Extraordinary Means by Robyn Schneider

Extraordinary MeansTitle: Extraordinary Means
Author: Robyn Schneider
Series: No series
Publisher: Katherine Tegan Books
Published: May 26th, 2015
Rating: ★★★★★ (5 out of 5)

The summary of Extraordinary Means from Goodreads:

From the author of The Beginning of Everything: two teens with a deadly disease fall in love on the brink of a cure.

At seventeen, overachieving Lane finds himself at Latham House, a sanatorium for teens suffering from an incurable strain of tuberculosis. Part hospital and part boarding school, Latham is a place of endless rules and confusing rituals, where it’s easier to fail breakfast than it is to flunk French.

There, Lane encounters a girl he knew years ago. Instead of the shy loner he remembers, Sadie has transformed. At Latham, she is sarcastic, fearless, and utterly compelling. Her friends, a group of eccentric troublemakers, fascinate Lane, who has never stepped out of bounds his whole life. And as he gradually becomes one of them, Sadie shows him their secrets: how to steal internet, how to sneak into town, and how to disable the med sensors they must wear at all times.

But there are consequences to having secrets, particularly at Latham House. And as Lane and Sadie begin to fall in love and their group begins to fall sicker, their insular world threatens to come crashing down.

Told in alternating points of view, Extraordinary Means is a darkly funny story about doomed friendships, first love, and the rare miracle of second chances.

I honestly didn’t expect to be as moved by this story as I was. Sometimes stories will ill teens are hard to connect to, for me. I have a different perspective than a lot of people, since I’ve had a lung disease since birth. I try not to be, but I know I’m a lot more critical of books that try to tackle that kind of material than other books. However, Extraordinary Means handled everything in an amazing way, and I was nearly brought to tears.

The Good:

I felt so connected to these characters. I could see myself in them, in their actions and the things they said. Schneider captured wonderfully what it’s like to have something wrong with you on the inside, while the outside and your mind don’t feel the same.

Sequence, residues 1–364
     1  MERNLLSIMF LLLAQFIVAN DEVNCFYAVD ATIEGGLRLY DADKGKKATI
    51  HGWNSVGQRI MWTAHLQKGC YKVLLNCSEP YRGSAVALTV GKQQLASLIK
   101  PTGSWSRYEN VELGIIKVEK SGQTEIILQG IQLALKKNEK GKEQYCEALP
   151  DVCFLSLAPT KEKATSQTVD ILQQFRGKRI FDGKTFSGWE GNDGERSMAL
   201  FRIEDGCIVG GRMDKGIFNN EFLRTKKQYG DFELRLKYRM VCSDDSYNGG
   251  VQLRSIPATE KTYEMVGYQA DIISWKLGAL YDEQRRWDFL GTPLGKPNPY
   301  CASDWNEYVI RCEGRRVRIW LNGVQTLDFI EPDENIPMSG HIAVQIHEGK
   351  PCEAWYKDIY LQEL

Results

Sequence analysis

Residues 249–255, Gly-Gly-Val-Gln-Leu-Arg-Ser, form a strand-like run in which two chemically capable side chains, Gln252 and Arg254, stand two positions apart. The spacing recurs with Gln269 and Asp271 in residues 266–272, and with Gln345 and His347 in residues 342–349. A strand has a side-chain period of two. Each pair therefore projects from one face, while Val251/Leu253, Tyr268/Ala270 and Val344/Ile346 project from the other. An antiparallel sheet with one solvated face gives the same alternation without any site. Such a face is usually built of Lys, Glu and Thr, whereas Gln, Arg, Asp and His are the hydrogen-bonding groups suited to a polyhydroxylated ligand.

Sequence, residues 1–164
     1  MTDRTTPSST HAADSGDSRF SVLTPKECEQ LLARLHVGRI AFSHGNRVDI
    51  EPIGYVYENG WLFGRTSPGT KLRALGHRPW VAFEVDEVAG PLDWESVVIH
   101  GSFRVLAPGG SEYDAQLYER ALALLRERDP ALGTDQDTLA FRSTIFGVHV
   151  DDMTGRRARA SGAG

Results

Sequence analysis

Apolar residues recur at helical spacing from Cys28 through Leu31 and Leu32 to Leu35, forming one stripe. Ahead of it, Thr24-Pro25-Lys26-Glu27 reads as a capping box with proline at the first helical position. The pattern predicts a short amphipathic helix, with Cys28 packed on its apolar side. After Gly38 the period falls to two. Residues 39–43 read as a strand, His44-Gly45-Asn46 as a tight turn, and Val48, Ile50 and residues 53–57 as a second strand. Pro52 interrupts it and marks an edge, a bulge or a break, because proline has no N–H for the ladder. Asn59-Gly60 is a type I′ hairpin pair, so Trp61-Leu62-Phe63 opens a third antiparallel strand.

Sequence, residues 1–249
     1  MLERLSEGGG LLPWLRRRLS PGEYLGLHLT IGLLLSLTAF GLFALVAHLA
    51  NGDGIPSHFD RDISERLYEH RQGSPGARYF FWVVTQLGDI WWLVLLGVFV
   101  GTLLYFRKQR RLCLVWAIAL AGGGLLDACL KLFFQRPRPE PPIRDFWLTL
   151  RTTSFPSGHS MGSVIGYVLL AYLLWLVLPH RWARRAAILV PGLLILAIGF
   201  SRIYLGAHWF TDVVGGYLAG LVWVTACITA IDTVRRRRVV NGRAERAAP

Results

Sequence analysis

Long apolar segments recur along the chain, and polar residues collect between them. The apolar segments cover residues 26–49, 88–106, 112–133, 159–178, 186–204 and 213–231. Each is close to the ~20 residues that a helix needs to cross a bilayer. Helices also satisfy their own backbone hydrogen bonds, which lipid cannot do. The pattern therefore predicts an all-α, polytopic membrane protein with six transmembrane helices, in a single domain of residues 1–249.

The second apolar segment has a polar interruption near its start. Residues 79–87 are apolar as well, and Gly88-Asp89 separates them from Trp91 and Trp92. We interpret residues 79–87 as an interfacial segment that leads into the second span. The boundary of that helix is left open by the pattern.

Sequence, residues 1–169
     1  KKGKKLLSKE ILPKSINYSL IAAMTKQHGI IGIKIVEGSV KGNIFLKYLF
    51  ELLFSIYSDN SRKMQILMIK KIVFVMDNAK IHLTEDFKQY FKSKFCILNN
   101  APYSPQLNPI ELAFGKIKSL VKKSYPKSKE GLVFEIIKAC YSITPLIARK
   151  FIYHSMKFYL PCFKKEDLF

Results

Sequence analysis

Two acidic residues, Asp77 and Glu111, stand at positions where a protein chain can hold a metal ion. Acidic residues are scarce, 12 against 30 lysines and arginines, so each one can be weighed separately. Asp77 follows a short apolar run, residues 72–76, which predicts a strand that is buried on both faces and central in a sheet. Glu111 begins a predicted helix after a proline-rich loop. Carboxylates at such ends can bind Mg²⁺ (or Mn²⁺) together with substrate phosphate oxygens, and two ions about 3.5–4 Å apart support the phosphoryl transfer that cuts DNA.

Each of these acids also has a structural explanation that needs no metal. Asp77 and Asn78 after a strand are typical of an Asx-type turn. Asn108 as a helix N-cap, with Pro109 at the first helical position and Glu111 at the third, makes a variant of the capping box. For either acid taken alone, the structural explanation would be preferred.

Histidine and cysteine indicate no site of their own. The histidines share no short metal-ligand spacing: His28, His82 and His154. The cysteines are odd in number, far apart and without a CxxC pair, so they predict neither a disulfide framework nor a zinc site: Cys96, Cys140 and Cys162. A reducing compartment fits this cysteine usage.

“And being healthy, being okay, wouldn’t feel normal at all. It would feel amazing.” 

Having an illness, whether it is a disease or something like tuberculosis, can really mess with your mind and perspective on the world. What’s normal becomes twisted into something that isn’t really normal at all, but it is for you. Normal is an entirely relative term, yet there is a kind of acceptable “normal” for the majority of people. It can be really difficult when you don’t fit into that normal mold.

Lane struggles to accept that his old normal isn’t going to fit anymore. That’s one of the most difficult things, I think, for people to understand. Things like medications and treatments aren’t always the biggest issue. Those become routine and just a part of life. But when an illness takes something away, it’s really hard to accept that. I take many pills a day, and spend at least two hours on treatments. But it’s the fact that I can’t hike like I used to that’s hardest to deal with. For Lane, it was his old life. His girlfriend, his studies, his desired future. All of those were taken away. That’s not something he can just accept. He fights it until he realizes that fighting it isn’t going to bring those things back; it’s only going to push them farther away.

“I wasn’t sure I knew how to leave Latham. I’d never let myself think for certain that I would, or when that might be.”

Sadie has been at Latham so long, and has built such a life there, that she doesn’t know how to be herself outside of Latham. TB has become part of her life, and has made such an impact, that she doesn’t consider the idea of what might happen if that part of her is taken away. She’s adapted to her new life. Just as Lane had trouble adjusting to life inside Latham, Sadie doesn’t know if she’ll be able to adjust to a possible life outside of Latham.

That’s what I think I loved most about Extraordinary Means. It’s about the adjustments and possibilities a disease brings. It’s not just about the bad. It’s not about the rainclouds that come with a diagnosis. It talks about the possibilities and how the disease bleeds into every part of life in ways that could be positive or negative depending on how you adjust. However, it never feels as though their illness is something hanging over their hands all the time. It’s there, yes, but they still live life in the ways they can. The disease doesn’t consume them and their thoughts and actions. It’s a part of them, but it does not define their entire being.

The Bad:

Nothing. Absolutely nothing.

The Recommendation:

This book will punch you in the gut a couple times. It will also make your heart soar and drop page after page. It feels real and difficult and wonderful and powerful all at the same time. It had none of the problems I felt with The Fault in Our Stars. I didn’t feel like I had been taken advantage of while I read this book, which was one of my main issues with TFioS, or that I was being talked to in a condescending way. I felt understood.

Read this book. There’s really no other way to say it. Just read it.

Purchasing Links:

Barnes and Noble

Thank you to Edelweiss and Katherine Tegan Books for an advanced copy of the novel in exchange for an honest review.

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